Insulating effect of carpet vs linoleum.

I an getting near the point of having to decide what type of flooring to install on the concrete slab in my basement addition. Ignoring for the moment other considerations such as durability, I'm wondering about the 'heat sink' effect of the slab, and whether carpeting will have an effect. I seem to recall that at the time the Title 24 calcs were done, being told that an exposed slab, would have a positive effect on the calcs, but a carpeted floor wouldn't figure into the equation.
This addition is in the half of the basement area that wasn't already a finished room. The pre-existing half does have carpet, and in the hot weather we are currently experiencing, I'm noticing that the new room does stay cooler than the pre-existing room.... (I don't have a/c for the lower half of the house). I would like to keep it that way, and am wondering if carpeting will have a noticable effect. My alternative to carpet would be real linoleum, which I'm assuming would have a very limited, insulating effect.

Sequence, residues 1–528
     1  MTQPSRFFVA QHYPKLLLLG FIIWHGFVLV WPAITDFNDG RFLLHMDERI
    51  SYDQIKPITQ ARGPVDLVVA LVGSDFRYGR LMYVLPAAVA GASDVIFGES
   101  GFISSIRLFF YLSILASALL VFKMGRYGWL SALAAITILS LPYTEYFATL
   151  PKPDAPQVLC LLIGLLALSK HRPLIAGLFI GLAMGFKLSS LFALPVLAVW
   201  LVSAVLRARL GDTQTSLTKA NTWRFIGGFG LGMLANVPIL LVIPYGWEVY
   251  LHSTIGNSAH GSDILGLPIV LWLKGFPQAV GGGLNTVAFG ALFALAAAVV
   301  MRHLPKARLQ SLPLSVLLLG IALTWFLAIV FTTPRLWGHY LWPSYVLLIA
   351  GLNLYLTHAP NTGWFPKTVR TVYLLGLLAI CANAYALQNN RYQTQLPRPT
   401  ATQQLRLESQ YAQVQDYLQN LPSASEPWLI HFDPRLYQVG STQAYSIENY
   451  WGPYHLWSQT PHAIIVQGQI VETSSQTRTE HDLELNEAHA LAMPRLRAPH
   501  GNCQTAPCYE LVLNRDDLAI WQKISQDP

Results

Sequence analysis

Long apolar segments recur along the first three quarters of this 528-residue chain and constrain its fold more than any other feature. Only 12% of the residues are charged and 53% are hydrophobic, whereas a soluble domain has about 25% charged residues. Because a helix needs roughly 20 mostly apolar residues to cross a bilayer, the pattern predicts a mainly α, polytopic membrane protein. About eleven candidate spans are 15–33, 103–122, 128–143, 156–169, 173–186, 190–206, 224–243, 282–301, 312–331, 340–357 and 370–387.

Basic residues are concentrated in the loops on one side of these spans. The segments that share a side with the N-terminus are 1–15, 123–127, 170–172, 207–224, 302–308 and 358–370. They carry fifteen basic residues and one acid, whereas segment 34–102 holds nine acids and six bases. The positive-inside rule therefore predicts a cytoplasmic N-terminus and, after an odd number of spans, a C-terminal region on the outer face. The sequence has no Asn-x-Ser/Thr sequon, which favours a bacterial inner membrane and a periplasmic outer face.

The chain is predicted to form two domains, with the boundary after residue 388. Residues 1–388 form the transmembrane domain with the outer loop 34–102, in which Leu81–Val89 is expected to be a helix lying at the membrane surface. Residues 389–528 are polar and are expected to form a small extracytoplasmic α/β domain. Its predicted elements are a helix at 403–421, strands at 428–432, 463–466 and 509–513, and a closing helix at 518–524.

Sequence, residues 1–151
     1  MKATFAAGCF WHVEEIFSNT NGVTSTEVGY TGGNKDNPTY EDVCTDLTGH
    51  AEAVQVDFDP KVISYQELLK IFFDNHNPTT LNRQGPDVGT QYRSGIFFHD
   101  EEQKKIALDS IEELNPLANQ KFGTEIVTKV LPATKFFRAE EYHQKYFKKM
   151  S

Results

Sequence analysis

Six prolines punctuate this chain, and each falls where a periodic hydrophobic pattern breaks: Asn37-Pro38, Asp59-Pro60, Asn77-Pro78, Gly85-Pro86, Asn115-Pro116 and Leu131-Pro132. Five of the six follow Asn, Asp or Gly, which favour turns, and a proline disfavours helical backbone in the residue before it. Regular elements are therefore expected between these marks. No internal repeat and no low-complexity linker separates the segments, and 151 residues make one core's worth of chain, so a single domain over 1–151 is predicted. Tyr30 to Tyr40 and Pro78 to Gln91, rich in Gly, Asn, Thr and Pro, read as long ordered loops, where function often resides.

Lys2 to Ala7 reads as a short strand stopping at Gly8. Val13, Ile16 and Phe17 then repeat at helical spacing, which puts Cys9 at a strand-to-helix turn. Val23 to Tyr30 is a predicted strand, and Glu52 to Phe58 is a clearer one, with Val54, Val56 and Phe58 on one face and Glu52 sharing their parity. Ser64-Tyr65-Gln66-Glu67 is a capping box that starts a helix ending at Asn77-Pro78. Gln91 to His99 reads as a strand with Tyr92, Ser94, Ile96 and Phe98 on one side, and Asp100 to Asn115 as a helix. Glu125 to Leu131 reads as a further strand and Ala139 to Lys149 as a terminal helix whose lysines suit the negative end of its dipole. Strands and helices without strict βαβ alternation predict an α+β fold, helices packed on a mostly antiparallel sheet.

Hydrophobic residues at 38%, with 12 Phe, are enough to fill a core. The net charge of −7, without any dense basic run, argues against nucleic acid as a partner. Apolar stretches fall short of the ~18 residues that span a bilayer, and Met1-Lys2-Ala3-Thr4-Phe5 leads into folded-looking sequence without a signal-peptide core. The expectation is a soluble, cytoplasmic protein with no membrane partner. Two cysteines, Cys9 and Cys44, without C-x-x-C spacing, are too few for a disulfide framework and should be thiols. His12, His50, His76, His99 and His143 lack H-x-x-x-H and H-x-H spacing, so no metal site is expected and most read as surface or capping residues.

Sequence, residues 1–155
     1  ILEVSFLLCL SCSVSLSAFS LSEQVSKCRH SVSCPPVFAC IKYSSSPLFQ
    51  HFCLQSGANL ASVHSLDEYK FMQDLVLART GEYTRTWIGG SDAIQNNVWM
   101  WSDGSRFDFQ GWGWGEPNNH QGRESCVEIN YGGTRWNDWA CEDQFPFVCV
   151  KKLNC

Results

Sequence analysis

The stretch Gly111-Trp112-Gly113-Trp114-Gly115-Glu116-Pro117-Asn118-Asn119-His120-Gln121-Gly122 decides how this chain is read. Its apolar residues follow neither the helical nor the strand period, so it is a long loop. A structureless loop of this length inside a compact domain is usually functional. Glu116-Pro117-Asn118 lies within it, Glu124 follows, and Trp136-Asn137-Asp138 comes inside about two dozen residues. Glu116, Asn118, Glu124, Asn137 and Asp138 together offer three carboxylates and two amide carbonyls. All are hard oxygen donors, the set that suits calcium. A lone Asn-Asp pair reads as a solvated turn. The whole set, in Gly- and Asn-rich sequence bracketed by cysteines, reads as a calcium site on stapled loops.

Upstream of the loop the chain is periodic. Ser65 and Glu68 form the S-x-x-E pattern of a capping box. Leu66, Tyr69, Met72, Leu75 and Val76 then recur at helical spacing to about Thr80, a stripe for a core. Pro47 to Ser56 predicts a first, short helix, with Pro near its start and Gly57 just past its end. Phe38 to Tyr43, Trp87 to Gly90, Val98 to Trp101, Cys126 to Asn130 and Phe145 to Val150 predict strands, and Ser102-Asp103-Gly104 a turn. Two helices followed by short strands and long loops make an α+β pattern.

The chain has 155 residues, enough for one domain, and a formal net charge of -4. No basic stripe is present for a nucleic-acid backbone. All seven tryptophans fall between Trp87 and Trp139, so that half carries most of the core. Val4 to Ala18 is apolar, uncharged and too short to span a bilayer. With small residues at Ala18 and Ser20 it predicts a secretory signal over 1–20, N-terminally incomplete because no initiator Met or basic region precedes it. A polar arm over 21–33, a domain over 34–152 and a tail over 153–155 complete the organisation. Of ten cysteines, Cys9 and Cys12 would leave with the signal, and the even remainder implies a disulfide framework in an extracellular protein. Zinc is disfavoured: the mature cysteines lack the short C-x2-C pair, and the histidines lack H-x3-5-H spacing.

Would appreciate any comments, especially from those who do title 24 calcs for a living.
TIA Kevin
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Years ago, I lived in a building that had formerly been a car repair garage. Had cement floor. One cold winter day, I was laying on the bed, watching television. A space heater was keeping the ceiling warm, but the floor was bitter cold. At one point, I noticed that my left foot was not as cold as my right foot. I looked down, and noticed that left foot was on a carpet scrap plus the room carpet. Right foot was only on the thin carpet. So I moved the carpet scrap so it could be under both feet.